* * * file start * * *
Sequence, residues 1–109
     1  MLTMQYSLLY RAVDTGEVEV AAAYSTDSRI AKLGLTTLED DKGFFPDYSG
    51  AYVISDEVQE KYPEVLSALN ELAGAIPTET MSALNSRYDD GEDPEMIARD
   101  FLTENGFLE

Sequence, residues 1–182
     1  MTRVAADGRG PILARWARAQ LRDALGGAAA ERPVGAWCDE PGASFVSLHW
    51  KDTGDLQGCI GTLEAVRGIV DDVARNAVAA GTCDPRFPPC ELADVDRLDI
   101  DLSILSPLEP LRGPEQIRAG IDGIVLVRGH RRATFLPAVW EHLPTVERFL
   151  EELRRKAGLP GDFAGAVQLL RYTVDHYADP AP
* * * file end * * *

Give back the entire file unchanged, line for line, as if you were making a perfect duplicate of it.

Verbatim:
Sequence, residues 1–109
     1  MLTMQYSLLY RAVDTGEVEV AAAYSTDSRI AKLGLTTLED DKGFFPDYSG
    51  AYVISDEVQE KYPEVLSALN ELAGAIPTET MSALNSRYDD GEDPEMIARD
   101  FLTENGFLE

Sequence, residues 1–182
     1  MTRVAADGRG PILARWARAQ LRDALGGAAA ERPVGAWCDE PGASFVSLHW
    51  KDTGDLQGCI GTLEAVRGIV DDVARNAVAA GTCDPRFPPC ELADVDRLDI
   101  DLSILSPLEP LRGPEQIRAG IDGIVLVRGH RRATFLPAVW EHLPTVERFL
   151  EELRRKAGLP GDFAGAVQLL RYTVDHYADP AP